A limitation in the use of adult mice is the established nature of the DRGs. An inability to remove all non-neuronal cell types leaves roughly 30% of the culture as non-neuronal (Figure 3). While we can dissociate and reduce the population of immune cells, fibroblasts, and Schwann cells from the cultures, satellite glia may be exceedingly difficult to dissociate from neurons. We also hypothesize that these neurons could have poor survival without the metabolic support provided by satellite glia10. While our attempt to stain for these cells using GFAP failed due to poor antibody specificity, a future direction may be to stain for these cells using fabp7. We attempted to remove CD9-positive non-neuronal cells such as satellite glia when troubleshooting this protocol. However, in the CD9 plate, it was found that many neurons were attached to the plate. We hypothesize that mouse neurons may have some CD9 expression. In fact, extracellular vesicle literature from mouse neuron-like cells employs CD9 as a marker11. If a more suitable panning antibody could be found to reduce the proportion of satellite glia, one might consider additional supplementation with growth factors such as NGF, BDNF, or NT3 to counteract the loss of these supporting cells.

This immunopanning protocol can improve the accuracy of neuronal readouts from homogenous DRG culture samples by increasing the proportion of neuronal cells in culture. It also provides an avenue to culture adult mouse DRG neurons, allowing for an in-depth investigation of neuronal phenotypes in genetic, disease, and injury mouse models.

Immunopanning is also a highly customizable tool. For example, the cell surface marker isolectin-B4 might be employed to select for non-peptidergic mouse nociceptors specifically. Immunopanning can also be used to enrich other primary cultures, including cortical neurons, microglia, astrocytes, and oligodendrocyte precursor cells. It is a powerful tool that can broaden the applications of primary cell cultures.

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The authors have no conflicts of interest to declare.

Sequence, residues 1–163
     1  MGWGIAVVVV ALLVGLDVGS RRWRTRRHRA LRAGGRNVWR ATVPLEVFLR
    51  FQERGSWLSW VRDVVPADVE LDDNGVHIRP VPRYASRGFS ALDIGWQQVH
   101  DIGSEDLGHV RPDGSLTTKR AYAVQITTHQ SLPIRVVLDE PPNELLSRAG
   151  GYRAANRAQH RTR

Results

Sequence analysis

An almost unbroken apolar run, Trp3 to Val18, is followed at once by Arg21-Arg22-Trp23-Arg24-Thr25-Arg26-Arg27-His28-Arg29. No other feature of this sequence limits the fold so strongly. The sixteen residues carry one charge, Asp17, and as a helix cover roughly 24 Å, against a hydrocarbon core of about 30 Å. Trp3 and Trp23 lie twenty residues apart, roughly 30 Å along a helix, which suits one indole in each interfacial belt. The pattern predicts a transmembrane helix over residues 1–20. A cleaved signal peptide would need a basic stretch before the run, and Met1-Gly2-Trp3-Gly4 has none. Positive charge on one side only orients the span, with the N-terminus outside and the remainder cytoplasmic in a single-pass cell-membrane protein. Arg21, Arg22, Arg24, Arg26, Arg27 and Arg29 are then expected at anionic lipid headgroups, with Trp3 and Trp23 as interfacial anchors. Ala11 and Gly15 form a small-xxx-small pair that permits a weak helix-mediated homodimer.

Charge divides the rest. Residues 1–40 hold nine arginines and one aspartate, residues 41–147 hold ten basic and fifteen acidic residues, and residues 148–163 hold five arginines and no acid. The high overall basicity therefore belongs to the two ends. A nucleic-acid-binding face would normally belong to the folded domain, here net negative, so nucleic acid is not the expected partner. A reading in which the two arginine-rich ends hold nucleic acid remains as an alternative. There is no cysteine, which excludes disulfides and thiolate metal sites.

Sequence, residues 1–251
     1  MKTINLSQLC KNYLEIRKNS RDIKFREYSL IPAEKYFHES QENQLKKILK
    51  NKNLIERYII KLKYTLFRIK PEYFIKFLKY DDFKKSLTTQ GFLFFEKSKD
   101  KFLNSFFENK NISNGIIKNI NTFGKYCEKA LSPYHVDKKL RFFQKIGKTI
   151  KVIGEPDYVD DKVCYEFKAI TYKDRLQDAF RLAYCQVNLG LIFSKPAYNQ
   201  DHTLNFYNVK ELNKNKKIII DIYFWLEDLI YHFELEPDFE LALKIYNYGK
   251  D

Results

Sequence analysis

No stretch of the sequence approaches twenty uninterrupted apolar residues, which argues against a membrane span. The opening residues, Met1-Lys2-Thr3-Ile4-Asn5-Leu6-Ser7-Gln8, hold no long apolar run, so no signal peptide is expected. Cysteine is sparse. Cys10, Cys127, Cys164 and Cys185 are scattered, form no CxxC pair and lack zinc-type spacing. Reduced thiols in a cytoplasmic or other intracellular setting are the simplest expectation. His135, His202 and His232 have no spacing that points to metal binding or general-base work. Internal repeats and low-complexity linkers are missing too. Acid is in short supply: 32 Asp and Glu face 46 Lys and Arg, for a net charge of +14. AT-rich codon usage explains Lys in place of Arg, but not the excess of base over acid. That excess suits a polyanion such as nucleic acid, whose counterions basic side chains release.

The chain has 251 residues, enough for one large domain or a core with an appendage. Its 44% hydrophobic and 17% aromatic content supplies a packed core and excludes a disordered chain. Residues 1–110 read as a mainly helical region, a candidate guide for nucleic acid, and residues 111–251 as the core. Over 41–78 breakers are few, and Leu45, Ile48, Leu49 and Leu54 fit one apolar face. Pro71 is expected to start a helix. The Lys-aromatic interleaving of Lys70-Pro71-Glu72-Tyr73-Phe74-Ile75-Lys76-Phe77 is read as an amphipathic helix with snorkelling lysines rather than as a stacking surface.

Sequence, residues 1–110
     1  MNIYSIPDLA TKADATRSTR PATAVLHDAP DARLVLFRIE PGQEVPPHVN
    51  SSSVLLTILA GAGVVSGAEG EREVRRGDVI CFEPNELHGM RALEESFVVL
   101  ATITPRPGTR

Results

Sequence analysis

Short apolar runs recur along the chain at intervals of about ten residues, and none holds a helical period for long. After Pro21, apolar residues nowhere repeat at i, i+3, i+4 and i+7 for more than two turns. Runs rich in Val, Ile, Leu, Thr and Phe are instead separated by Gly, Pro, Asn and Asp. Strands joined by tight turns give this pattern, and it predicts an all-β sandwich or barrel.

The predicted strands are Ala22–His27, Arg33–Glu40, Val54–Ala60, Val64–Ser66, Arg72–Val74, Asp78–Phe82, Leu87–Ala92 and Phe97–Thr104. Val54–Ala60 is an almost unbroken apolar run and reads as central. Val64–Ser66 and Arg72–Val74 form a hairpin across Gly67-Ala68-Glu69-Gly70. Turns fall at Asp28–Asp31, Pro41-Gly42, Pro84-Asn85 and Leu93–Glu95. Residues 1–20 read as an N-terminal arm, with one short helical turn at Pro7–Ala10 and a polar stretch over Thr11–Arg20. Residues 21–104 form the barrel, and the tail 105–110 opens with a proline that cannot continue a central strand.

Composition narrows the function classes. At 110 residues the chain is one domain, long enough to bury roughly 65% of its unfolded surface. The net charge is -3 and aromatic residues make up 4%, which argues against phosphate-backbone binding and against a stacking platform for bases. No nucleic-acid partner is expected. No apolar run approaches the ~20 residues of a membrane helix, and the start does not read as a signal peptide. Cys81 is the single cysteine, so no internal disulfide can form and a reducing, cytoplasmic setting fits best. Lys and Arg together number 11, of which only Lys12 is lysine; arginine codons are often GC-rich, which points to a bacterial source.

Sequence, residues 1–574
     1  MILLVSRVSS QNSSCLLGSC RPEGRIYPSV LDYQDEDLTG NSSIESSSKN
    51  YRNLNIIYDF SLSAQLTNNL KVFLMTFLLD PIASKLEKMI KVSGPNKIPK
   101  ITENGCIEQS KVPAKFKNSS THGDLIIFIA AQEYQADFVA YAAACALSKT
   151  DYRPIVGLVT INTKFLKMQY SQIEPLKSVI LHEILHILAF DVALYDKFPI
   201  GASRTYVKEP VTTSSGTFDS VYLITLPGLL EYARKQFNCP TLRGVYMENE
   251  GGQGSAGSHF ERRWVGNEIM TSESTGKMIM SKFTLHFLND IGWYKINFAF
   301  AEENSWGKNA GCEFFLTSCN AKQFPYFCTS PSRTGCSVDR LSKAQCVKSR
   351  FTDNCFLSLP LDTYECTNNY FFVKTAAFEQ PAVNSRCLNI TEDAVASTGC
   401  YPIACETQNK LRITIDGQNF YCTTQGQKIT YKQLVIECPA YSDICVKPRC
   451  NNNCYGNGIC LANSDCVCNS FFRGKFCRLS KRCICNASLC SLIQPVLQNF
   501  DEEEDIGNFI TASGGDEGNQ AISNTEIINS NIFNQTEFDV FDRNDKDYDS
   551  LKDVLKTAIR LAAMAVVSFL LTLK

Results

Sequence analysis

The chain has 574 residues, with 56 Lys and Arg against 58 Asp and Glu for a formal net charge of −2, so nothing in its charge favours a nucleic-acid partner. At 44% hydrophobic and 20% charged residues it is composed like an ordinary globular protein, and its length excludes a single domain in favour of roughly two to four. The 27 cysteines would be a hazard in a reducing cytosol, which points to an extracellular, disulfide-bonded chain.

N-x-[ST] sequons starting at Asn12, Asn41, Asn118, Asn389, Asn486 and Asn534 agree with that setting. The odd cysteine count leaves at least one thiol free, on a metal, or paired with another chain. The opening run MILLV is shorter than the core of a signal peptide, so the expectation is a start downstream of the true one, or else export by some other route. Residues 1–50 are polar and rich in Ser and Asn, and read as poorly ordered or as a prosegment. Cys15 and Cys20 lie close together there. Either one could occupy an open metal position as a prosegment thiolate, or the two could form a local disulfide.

This work was supported by a Project Grant from the Canadian Institutes of Health Research (FRN-162434) and a Discovery Grant from the MS Society of Canada (EGID-3761). The authors would like to thank Dr. Sun and the Cross Cancer Institute for training and use of the ImageXpress system.


Name Company Catalog Number Comments
0.2 um Syringe filters Fisher 723-2520
100 mm petri dishes ThermoFisher FB0875712
24 well black glass-bottom plates Cellvis P24-1.5H-N
70 um cell strainer Cedarlane 15-1070-1(BI)
B27+ supplement Gibco A3582801
Bovine Serum Albumin Sigma Aldrich A7906 for 15% BSA cushion, and ICC (heat shock fraction ≥98%)
Bovine Serum Albumin Sigma Aldrich A4161 for 4% BSA for immunopanning, and SATO for media (essentially globulin free, suitable for cell culture, ≥99%)
CD45 antibody BD Pharmigen 550539
DAPI Invitrogen D1306
DMEM Gibco 11960069
DNAse Worthington LS002007 for stemxyme solution and panning buffer
D-PBS Sigma Aldrich D8662
EBSS Sigma Aldrich E6267 for DNAse solution
Filter paper P8 grade ThermoFisher 09-795K for 8% PFA
Glutamax ThermoFisher 35050061
goat-anti-mouse IgG Jackson Immunoresearch 115-005-020 for O4 dish 
goat-anti-rabbit 488 Invitrogen A11008
goat-anti-rabbit IgG Jackson Immunoresearch 115-005-003 for PDGFRB dish
goat-anti-rat IgG Jackson Immunoresearch 115-005-044 for CD45 dish
HBSS -/- Sigma Aldrich 14175145
Insulin Sigma Aldrich I2643
laminin Invitrogen 23017-015
N-acetyl cysteine Sigma Aldrich A8199
Neurobasal Gibco 21103049
Normal Donkey Serum Sigma-Aldrich D9663
O4 antibody n/a n/a Hybridoma
Ovomucoid trypsin inhibitor Cedarlane LS003086 for low ovo
paraformaldehyde prills Sigma Aldrich 441244 for 8% PFA
PDGFRB antibody Abcam AB32570
penicillin/ streptomycin Gibco 15140-122
Poly-D-Lysine Sigma Aldrich P6407
Progesterone Sigma Aldrich P8783 for SATO
Putrescine dihydrochrloride  Sigma Aldrich P5780 for SATO
Sodium phosphate dibasic Fisher S374-1 for 0.2 M PB
Sodium Phosphate monobasic dihydrate Sigma Aldrich 04269 for 0.2 M PB
Sodium Pyruvate ThermoFisher 11360070
Sodium Selenite Sigma Aldrich S5261 for SATO
Stemxyme I Cedarlane LS004107 for tissue dissociation; combination collagenase
Transferrin Sigma Aldrich T1147 for SATO
Tris-HCl Millipore Sigma T5941
trypan blue Gibco 15250-061
β3-Tubulin Sigma-Aldrich T2200



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Cite this Article

Maguire, A. D., Plemel, J. R., Kerr, B. J. Enrichment of Adult Mouse Dorsal Root Ganglia Neuron Cultures by Immunopanning. J. Vis. Exp. (192), e64603, doi:10.3791/64603 (2023).More

Maguire, A. D., Plemel, J. R., Kerr, B. J. Enrichment of Adult Mouse Dorsal Root Ganglia Neuron Cultures by Immunopanning. J. Vis. Exp. (192), e64603, doi:10.3791/64603 (2023).